Wait. This is during the Protestant worship services! Is Yale suggesting that the administration of the Academy control the worship services? And look at their incendiary message: Go tell it on the mountain that Jesus Christ is Lord and that rejecting Him will have negative consequences.

We are in trouble as a nation if Christians cannot share that message everywhere and anywhere. The report continues: “Protestant Cadets were regularly encouraged to witness to fellow Basic Cadets.” Welcome to Evangelism 101. What a threat to the Republic. As I said earlier, this is what we are taught from our earliest days as Christians. Why did it become so shocking just because the men and women are wearing uniforms?

Passion of the Christ
The Times says there were flyers on dining hall chairs inviting cadets to view The Passion of the Christ. What strong arm tactics! How could these impressionable, vulnerable airmen resist such pressure?

Name Calling
Evidently, a Jewish cadet was called a “filthy Jew” by someone. That’s stupid and childish. But if it was an evangelical Christian, denigrating the Jewish people is totally out of line with the teachings of the church. There isn’t a faith group that has more respect for Jews and for Israel than evangelicals. Anyone who would take a little time to learn about evangelicals would know this. To include this in an analysis of the lines between church and state indicates the bias of the reporter.

Christians are not the persecuted minority in America and we shouldn’t act like it. But Christians are, interestingly, the constantly belittled and criticized majority.

When it comes to matters of faith, there is too much whining on the left and too much hand wringing on the right.

Frankly, if we—-as evangelicals—-took all of the opportunities presented to us each day to authentically and sensitively communicate our faith and our concern for others, the rapid expansion of the Christian community might scare the daylights out of those who think the armed forces that we rely on to defend our nation can’t possibly resist the spiritual entreaties of their colleagues.

Posted by Jim at May 19, 2005 08:44 AM

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Good thoughts, Jim. People will always be offended by the Gospel to one degree or another. I may work on a longer post later. I think the ACLU and others are just plain wrong in this case but as a Christian, I wonder if sometimes our "controversies" are the result of well-meaning believers acting overzealous and overbearing.

Posted by: Matt at May 19, 2005 10:43 AM

Our new favorite verse, used in a message on evangelism a couple weeks ago, is 1 Peter 3:15:

Always be prepared to give an answer to everyone who asks you to give the reason for the hope that you have. But do this with gentleness and respect,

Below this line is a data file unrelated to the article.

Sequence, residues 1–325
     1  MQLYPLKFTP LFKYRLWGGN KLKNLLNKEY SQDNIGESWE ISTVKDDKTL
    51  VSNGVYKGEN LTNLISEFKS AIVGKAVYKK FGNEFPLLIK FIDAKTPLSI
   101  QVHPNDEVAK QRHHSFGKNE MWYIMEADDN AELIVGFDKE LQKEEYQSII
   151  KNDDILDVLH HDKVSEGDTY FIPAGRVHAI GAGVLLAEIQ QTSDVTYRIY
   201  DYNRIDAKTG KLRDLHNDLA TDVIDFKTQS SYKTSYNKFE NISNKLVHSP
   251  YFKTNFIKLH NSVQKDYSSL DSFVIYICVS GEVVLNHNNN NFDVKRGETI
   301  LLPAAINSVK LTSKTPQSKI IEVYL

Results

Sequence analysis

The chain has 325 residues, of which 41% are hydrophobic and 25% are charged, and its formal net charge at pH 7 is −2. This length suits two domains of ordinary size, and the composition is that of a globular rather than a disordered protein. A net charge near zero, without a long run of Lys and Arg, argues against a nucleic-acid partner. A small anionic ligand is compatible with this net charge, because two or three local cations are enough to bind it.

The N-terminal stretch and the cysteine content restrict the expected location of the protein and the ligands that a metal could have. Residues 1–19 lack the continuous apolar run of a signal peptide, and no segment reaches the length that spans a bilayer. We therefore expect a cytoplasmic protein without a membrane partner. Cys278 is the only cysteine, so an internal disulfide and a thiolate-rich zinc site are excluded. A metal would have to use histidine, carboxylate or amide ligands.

Like Matt said, some people will be offended no matter what, but acting like an obnoxious used car salesman can potentially make a person less receptive to the message forever, which would be a real tragedy.

Great post Jim.

Posted by: The Editors at May 19, 2005 04:03 PM

That's true. We have our zealots; well meaning, but bulls in the china shop.

And I don't doubt that there are a few at a military academy. Honestly, there are a lot of military leaders who are not particularly subtle about anything. We probably don't want them to be. Subtle military may be a oxymoron. Or Vietnam.

Posted by: Jim Jewell at May 19, 2005 05:40 PM

Good comments and I believe you are right about witness in daily life - with respect for others if they ask you not to use words - Daily deeds speak much more effectively than sermonizing to those who do not wish to listen!

Posted by: PJ Jenkins at May 23, 2005 02:01 PM

I would like to respond to Jim’s post. I agree with his central premise, that Americans are polarized into two camps right now, and that neither seems to be able to talk to the other. Howard Dean comes to mind. But in reading this essay, I find myslef torn between Jim’s plain spoken honesty and insightful analysis, and his rigid and sometimes dogmatic evangelical point of view.
I think his conjecture in the second paragraph, about how we live within islands of subculture within the greater American cultural sphere, is probably true to one degree or another. It’s a very interesting point, and it kept me reading. I say that ‘it kept me reading’ because – in my cultural ‘island’ – I normally wouldn’t read an article by an evangelical apparently written for evangelicals. But I sense real intellectual honesty here, in and amongst all that I disagree with, and I can relate to Jim through that.
Jim mentions three central tenets taught to evangelicals about sharing their faith, and I wonder, who could have a problem with that? It seems perfectly reasonable. Unfortunately, it seems that Jim is blind to the fact that what’s happening at the Air Force academy has crossed the boundary between evangelism and proselytizing. Proselytizing is illegal if it involves improper use of official power. How long do you think parents in Colorado Springs would tolerate an elementary school teacher preaching to the children that Islam was the one true faith of God, and that Mohammad was his prophet? Are you kidding? Nobody would tolerate that. They certainly wouldn’t tolerate it at any of the military academies. If the head coach at Navy put up an “Allah is the One True God!” banner up in the locker room, he’d be sacked on the spot. So why is it ok for evangelical Christians to do it?